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Business Studies Marketing Report



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Marketing, the all-embracing function that links the company with customer tastes to get the right product to the right place at the right time. Marketing decisions are made through the marketing model , based on findings of market research, and carried out through the marketing mix. At all stages in the marketing process, the firm needs to work closely with the production department and research and development, to ensure that what is promised is delivered.

Market research is the main process of gathering primary and secondary data on the buying habits, lifestyle, usage and attitudes of actual and potential customers. The intension is to gather evidence that can enable marketing and production decisions to be made in a more scientific way than would otherwise be possible. Most large consumer goods firms agree on one phrase used by Sherlock Holmes “It’s a capital mistake to theorise before one has data”.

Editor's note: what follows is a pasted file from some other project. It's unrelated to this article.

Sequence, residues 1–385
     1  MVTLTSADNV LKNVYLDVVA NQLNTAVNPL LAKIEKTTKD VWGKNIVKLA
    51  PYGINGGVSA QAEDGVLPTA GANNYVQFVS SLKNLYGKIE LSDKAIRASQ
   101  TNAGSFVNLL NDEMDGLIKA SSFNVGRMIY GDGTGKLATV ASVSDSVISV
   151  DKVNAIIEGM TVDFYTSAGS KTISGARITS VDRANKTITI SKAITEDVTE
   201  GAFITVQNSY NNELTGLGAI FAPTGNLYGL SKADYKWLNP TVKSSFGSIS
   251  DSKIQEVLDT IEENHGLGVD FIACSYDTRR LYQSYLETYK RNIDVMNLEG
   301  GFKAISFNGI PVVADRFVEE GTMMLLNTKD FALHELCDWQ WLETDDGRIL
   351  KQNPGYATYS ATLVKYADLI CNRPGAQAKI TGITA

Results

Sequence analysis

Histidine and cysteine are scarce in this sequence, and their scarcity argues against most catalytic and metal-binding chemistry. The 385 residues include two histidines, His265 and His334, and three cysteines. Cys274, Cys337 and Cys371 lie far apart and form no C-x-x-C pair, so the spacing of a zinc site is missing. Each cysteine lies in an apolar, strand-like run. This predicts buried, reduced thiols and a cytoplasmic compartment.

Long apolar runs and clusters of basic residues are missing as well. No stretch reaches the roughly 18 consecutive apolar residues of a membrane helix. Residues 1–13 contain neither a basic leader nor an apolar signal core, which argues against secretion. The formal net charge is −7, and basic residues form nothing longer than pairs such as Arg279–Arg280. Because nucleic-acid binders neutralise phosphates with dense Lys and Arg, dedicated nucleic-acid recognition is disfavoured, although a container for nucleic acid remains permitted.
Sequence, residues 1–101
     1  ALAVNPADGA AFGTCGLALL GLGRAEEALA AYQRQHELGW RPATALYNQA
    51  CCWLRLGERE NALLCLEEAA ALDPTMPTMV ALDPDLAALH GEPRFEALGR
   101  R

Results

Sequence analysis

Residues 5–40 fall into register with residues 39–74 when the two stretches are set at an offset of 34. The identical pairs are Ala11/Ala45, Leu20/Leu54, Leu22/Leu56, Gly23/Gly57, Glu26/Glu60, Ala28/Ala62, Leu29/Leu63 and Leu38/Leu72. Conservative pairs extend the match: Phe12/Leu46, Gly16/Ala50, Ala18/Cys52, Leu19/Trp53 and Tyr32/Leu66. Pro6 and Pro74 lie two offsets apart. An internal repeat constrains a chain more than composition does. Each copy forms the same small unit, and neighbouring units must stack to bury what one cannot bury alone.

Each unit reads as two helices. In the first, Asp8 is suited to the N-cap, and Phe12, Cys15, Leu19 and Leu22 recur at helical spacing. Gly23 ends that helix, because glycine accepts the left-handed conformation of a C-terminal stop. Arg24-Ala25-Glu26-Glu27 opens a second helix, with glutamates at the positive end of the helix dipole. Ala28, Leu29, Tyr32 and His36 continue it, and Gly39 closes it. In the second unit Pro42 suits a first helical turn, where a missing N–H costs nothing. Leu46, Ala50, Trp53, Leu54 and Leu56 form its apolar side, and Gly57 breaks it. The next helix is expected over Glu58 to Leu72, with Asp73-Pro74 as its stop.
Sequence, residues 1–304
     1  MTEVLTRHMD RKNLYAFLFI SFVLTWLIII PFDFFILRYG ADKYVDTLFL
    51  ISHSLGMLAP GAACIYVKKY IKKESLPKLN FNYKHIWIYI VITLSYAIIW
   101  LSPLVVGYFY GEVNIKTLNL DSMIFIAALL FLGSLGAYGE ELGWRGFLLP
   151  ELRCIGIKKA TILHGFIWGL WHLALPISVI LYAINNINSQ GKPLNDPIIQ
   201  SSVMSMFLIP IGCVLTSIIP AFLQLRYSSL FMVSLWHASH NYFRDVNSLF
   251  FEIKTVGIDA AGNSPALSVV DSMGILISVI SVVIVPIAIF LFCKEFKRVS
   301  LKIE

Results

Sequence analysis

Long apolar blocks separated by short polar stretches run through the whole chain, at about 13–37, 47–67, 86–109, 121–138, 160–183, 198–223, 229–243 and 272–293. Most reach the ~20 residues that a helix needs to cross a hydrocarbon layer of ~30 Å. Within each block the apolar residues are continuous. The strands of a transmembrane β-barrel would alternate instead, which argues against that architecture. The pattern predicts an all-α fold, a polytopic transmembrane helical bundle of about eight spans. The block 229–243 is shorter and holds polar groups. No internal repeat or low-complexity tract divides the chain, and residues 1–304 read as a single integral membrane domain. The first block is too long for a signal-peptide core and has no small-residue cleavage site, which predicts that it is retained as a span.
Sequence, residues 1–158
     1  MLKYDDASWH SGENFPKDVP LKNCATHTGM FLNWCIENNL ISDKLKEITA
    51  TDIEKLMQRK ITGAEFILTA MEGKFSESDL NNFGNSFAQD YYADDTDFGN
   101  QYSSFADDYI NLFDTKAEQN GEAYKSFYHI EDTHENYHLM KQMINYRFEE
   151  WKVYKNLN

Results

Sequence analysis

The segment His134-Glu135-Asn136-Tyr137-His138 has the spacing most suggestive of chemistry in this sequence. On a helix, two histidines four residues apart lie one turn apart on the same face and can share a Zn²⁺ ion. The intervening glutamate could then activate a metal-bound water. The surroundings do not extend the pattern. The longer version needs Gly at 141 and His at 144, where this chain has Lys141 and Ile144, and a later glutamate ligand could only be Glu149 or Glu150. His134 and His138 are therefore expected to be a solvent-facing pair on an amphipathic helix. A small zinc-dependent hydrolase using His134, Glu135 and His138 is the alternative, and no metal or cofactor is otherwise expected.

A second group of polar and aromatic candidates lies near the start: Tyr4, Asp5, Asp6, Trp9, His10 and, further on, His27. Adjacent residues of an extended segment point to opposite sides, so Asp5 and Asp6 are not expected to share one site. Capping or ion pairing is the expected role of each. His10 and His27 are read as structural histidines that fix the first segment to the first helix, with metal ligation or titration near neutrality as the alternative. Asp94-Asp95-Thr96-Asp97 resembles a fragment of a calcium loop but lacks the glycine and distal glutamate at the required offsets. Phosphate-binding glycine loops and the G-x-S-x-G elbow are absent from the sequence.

Market research can be subdivided as follows:

  • Desk research
  • Quantitative Qualitative
  • Retail audits Expert opinion
  • Field research
  • Quantitative Qualitative
  • Usage and attitude studies Group discussions

Market orientation, the extent to which firm’s strategic thinking stems from looking outwards to consumer tastes and competitive pressures. The main alternative is production orientation, where the firm looks inward to its own production needs and limitations. For many years, British firms were criticised for their lack of market orientation, but that changed in the 1980s. However, there is a danger that market orientation results in lost power and status for engineers and production managers, which might affect long-term technological competitiveness.